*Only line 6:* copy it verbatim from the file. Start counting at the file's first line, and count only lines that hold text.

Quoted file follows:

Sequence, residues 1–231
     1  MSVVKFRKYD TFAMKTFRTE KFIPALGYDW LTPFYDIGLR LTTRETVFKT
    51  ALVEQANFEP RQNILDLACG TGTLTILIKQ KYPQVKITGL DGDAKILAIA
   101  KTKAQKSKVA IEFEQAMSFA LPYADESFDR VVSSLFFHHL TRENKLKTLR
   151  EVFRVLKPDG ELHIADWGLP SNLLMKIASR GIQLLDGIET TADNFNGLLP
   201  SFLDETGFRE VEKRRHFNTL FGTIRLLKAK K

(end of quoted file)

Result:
   201  SFLDETGFRE VEKRRHFNTL FGTIRLLKAK K